Mosquitoes & Your Skin – What you need to know!

September’s forecast is filled with afternoon downpours that leave the perfect breeding grounds for the pesky mosquito. Unfortunately Mosquito activity can be several times a year. Recent reports of West Nile being reported, it is important to know how to protect your skin. Dr Ingraham has been interviewed and she helps us walk through what sprays, lotions and even clothing we should try to avoid during the peek of Mosquito outbreaks. Above is the full interview where she  offers tips on  how to protect your skin and your children’s skin from the pesky mosquito bite. Bites can be itchy and extremely irritating.  Here are some of the tips she offers. 

 Prevention tips:

  • Avoid Wearing Heavy Fragrance – Bugs are attracted to fragrance, so avoid wearing too much perfume or heavily scented product, including scented hair spray and lotions.


  • Cover Up – When going out, especially in the evening, wear long sleeves and pants.


  • Use Insect Repellant – Wearing clothing from head to toe is not always practical on hot, humid days (although covering up can also protect you from too much sun exposure).


  • Use Natural Oils – You can also use your own blends of essential oils like citronella, lemon grass and peppermint oil diluted with a bit of jojoba oil.


  • Resist the Itch – Don’t scratch the mosquito bite! Scratching the itch of the bug bite might provide temporary relief but it also causes more skin trauma and this can lead to hyperpigmentation. Scratching can also allow bacteria from your fingertips and under the fingernails to get into the small break in the skin caused by the bite and cause an infection.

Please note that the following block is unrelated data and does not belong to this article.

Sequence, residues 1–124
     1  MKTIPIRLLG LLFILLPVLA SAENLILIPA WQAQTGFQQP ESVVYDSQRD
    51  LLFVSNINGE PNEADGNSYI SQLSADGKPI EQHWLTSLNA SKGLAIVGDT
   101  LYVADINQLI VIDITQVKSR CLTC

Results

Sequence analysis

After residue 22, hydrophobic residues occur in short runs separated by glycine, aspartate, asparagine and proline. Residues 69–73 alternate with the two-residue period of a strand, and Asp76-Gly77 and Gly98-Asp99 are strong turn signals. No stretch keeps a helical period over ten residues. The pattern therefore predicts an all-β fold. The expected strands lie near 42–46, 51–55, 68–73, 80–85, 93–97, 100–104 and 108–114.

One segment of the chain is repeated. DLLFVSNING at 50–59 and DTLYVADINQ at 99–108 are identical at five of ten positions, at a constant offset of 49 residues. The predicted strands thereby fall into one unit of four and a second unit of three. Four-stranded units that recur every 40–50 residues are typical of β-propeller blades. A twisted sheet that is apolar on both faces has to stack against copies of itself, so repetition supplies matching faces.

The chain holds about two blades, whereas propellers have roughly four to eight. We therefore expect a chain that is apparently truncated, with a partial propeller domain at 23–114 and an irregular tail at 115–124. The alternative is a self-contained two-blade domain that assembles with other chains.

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About Dr. Sherry Ingraham:

Dr. Sherry N. Ingraham is a board certified dermatologist licensed in Texas with extensive training in skin cancer, psoriasis, medical dermatology and cosmetic dermatology.

Dr. Ingraham received a Bachelor of Arts in Human Biology/Anthropology from the University of Pennsylvania and completed medical school at Tulane University in New Orleans where she also earned a Master of Public Health and Tropical Medicine. After an internship at Christus St. Joseph Hospital, she completed Dermatology Residency at Tulane Medical Center Department of Dermatology.

Speaking on dermatology and skin care across Texas, Dr. Ingraham has made great contributions to her field through presentations, research and publications. She is frequently featured in the media speaking as an expert on skin care conditions and treatments.

Her professional memberships include the American Academy of Dermatology, American Society of Dermatologic Surgery, Women’s Dermatologic Society, Harris County Medical Society, Texas Medical Association and American Medical Association.